Nora Maries sets sights
In her native Romania, Nora Maries (pronounced Mary-esh) worked hard to maintain a perfect 4.0, straight-A average. While finishing her senior year at Albion High School through the 1995-96 school year, she maintained that perfect grade point status.
"The people of Albion have been very nice and really supportive," Maries said. "I gained a lot from the cultural diversity of Albion. It helped me."
During the past year in high school, Maries gained many memorable American experiences by participating as a member of the swimming team, at Senior Prom, in assemblies and other activities. She has a growing photo album of Americana and treasures the friendships she has made in Albion.
She notes school here was a lot easier than in Romania, so she sought greater challenges.
Because of the advanced training in math and science Maries received in Romania, she qualified to attend Albion College during the past year. At Albion College, she managed to keep her perfect grade point intact - acing calculus and a sophomore-level biology course.
"Calculus was easy," she confides. "I had already taken it in Europe. I had taken a lot of math and physics. Biology 205 was really hard. The lectures moved fast. I had to write four 30-page papers with four primary sources, a bibliography , table of contents, tables and graphs.
I had to work five times harder (in Biology 205) than high school. It was stressing."
While the college course work in sophomore biology was difficult for the 17-year-old, her efforts won the praise of Albion College's Dr. Jeffrey Carrier, her instructor, who wrote her a nice letter of recommendation for her collegiate applications.
Maries has been accepted to Cornell University and other top colleges, including Albion College. And after a year in the Albion area with first-hand exposure to Albion College, Maries hopes to attend Albion College this fall, to become part of the class of 2000. She believes this educational opportunity will lead to a medical career in ophthalmology that she can take back to Romania. She adds new technologies and scientific advances in the field of medicine are much needed in her native country.
"I've already made a lot of friends at Albion (College) through the classes I took," Maries said. She adds, "The people of Albion have been really supportive."
Maries hosts for the Youth For Understanding exchange program are Ronald and Micki Ogilbee. The Ogilbees, who Maries describes as "like family," have extended their hospitality to offer room and board while their Romanian guest attends Albion College. She notes the generosity of the Ogilbees will save her considerable expense. An international student scholarship from Albion College will also defray a large portion of the cost. Maries' parents, who live in the capital city of Bucharest, Romania, have saved to help her all they can. The Romanian economy, however, is just developing and its currency is devalued. It takes about 3,500 of the Romanian lei (pronounced lay), to make $1 U.S. When Maries first came to Albion last August, 1,950 lei equaled $1 U.S., which means the Romanian currency has devalued about 80 percent in less than a year against the now strong U.S. dollar.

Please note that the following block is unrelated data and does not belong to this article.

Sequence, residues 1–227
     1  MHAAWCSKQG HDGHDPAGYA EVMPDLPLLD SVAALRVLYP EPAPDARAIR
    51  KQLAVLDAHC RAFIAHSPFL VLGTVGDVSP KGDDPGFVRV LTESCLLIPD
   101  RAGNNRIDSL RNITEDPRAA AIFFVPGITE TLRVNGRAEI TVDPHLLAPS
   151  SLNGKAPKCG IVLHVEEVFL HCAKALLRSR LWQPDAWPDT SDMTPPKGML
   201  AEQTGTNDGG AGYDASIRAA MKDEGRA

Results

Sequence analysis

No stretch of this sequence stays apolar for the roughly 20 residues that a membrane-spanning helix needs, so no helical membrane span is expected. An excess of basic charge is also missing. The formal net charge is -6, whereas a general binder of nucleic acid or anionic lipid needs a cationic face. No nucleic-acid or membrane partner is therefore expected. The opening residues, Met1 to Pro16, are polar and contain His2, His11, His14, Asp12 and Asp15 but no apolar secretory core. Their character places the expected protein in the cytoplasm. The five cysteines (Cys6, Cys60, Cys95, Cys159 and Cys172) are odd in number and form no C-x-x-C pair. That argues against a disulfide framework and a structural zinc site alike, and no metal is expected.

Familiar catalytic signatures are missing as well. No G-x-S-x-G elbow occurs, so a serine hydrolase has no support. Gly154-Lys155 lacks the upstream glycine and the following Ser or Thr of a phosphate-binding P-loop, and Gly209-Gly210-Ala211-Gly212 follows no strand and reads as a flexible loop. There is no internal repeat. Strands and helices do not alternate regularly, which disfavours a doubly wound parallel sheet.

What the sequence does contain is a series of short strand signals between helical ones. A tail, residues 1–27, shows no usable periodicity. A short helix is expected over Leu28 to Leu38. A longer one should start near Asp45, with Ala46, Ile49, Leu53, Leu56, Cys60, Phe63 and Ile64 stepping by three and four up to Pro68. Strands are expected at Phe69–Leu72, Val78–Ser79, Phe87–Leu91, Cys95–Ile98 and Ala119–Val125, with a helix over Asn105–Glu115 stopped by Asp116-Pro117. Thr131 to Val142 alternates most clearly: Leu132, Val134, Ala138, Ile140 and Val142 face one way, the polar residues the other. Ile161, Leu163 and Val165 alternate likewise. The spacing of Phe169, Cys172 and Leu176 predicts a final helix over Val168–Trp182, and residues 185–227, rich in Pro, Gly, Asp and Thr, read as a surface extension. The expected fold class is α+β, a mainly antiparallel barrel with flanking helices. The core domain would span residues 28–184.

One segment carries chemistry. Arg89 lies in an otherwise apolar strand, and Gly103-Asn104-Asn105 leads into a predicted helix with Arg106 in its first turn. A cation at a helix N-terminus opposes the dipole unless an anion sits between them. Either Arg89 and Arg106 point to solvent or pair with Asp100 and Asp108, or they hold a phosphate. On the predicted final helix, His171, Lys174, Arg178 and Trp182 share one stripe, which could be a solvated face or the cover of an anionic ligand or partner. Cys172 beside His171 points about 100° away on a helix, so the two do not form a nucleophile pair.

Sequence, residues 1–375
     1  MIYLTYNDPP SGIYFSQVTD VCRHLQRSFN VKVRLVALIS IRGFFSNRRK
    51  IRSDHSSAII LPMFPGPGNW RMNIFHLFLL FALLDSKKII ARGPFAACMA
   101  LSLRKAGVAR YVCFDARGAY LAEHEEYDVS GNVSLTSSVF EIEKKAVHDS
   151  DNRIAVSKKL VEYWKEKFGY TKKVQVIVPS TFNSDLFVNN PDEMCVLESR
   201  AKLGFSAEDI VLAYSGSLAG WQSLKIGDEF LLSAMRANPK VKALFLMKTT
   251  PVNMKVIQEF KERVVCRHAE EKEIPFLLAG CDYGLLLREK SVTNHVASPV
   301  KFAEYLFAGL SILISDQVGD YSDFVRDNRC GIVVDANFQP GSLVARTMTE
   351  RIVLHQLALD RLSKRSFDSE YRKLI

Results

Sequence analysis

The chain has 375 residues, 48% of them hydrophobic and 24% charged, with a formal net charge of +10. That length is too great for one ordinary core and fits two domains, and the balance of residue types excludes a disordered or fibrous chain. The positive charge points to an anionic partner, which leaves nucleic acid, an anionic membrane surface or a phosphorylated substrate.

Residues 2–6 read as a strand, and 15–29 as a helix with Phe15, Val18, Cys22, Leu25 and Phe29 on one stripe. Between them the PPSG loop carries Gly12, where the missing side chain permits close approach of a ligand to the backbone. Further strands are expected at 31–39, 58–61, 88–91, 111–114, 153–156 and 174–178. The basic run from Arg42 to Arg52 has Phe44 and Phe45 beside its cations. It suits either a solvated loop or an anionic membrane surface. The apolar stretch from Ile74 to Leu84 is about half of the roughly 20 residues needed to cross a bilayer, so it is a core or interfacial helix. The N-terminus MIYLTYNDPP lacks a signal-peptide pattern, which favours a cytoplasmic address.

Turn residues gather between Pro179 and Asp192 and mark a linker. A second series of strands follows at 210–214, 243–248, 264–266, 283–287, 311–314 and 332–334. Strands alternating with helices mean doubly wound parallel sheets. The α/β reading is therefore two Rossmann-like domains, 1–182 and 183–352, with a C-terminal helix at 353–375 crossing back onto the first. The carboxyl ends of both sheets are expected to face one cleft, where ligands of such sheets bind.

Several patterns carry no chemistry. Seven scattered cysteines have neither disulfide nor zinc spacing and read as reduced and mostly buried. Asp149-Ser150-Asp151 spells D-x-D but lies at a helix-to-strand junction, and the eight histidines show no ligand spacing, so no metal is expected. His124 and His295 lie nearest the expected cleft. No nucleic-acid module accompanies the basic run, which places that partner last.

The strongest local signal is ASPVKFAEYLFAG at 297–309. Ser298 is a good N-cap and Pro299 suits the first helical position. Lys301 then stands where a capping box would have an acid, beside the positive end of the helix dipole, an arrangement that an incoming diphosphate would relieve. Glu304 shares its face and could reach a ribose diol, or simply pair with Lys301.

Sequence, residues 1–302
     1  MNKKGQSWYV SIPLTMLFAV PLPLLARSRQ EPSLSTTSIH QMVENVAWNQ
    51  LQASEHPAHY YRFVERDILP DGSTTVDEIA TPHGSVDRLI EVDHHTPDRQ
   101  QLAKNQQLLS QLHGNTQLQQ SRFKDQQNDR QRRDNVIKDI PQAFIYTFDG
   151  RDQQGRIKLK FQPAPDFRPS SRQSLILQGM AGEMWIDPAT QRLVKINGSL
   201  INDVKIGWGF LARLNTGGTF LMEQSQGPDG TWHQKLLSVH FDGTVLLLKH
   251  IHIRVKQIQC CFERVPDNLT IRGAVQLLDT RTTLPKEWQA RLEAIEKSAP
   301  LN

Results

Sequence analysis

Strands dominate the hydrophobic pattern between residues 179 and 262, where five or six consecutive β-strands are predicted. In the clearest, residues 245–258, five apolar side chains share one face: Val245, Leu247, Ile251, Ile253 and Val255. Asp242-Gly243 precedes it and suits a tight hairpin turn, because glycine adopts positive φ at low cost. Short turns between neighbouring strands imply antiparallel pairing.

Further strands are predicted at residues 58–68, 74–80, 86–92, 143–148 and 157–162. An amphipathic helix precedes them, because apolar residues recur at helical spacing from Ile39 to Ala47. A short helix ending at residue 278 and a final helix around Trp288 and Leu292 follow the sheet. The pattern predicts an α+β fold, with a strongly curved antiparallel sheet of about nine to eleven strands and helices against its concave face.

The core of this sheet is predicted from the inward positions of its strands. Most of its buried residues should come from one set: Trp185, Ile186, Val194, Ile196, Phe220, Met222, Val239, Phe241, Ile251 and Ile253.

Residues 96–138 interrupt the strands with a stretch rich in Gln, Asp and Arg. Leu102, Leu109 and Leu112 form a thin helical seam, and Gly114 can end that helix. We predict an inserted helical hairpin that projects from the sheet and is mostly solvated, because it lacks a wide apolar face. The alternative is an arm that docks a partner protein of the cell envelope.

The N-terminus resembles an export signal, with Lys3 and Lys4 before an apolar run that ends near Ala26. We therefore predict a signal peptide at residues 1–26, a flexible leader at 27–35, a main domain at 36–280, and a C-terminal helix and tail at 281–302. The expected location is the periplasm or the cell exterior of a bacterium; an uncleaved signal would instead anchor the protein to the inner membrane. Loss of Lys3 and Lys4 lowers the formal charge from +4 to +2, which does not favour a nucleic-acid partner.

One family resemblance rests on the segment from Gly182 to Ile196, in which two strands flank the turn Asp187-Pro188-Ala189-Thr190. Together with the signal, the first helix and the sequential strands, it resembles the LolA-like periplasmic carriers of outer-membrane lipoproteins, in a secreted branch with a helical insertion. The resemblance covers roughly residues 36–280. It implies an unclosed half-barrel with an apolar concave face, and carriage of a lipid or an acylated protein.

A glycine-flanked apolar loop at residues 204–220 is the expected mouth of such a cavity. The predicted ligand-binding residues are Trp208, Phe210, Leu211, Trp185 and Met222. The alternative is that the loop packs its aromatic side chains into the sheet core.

"My family's resources are limited due to the hard economical situation still present in my country," Maries said. She notes the anti-communist revolution swept through Romania just seven years ago and in its wake left instability and uncertainty. "Now that we are a democracy, we are trying to build a capitalist economy. It's been difficult."
Despite the economic hardships of communist oppression, Maries' nurturing parents sacrificed to provide her with the best educational opportunities they could afford. From age five and up, she received tutoring in English. She also speaks Latin , French and Romanian (a European romance language) and understands Hungarian, which was a language her grandmother spoke. While in Romania, Maries learned English for two years from a Peace Corps volunteer, which she said helped her tremendously. She was also raised in the Roman Catholic Church, where she learned Latin.
In an effort to help her reach her dream of attending Albion College, the St. Johns United Church of Christ in Jackson has established a tax-deductible scholarship fund. Maries explains that St. Johns United Church of Christ has supported several projects to aid Romanians over the past two years.
"International students are not eligible for federal aid," Maries notes. "I need to raise at least $4,000 to be able to attend Albion College this fall."
In addition to corporate and individuals gifts or grants, Maries is also interested in job opportunities to help earn the funds she needs to attend Albion College.
"I've always enjoyed doing lots of things," Maries said. "I enjoy achieving things. I always work hard and I'm not afraid of hard work at all. I like keeping busy. I'd also like to have a life and a family too."
Anyone interested in supporting Maries' effort to attend Albion College may send donations of support in care of St. Johns United Church of Christ, 801 S. Mechanic St., Jackson, MI 49203. Please make checks payable to St. Johns United Church of Christ, with a notation on the memo line that the donation is for Nora Maries.
Any employer that may have a job opportunity for Maries, may write to Nora Maries, 505 Albion Road, Albion, MI 49224 or phone Ron or Micki Ogilbee at (517) 629-8625.
"I would like to thank all the people who have helped me already,"
Maries said. "The American generosity is truly overwhelming."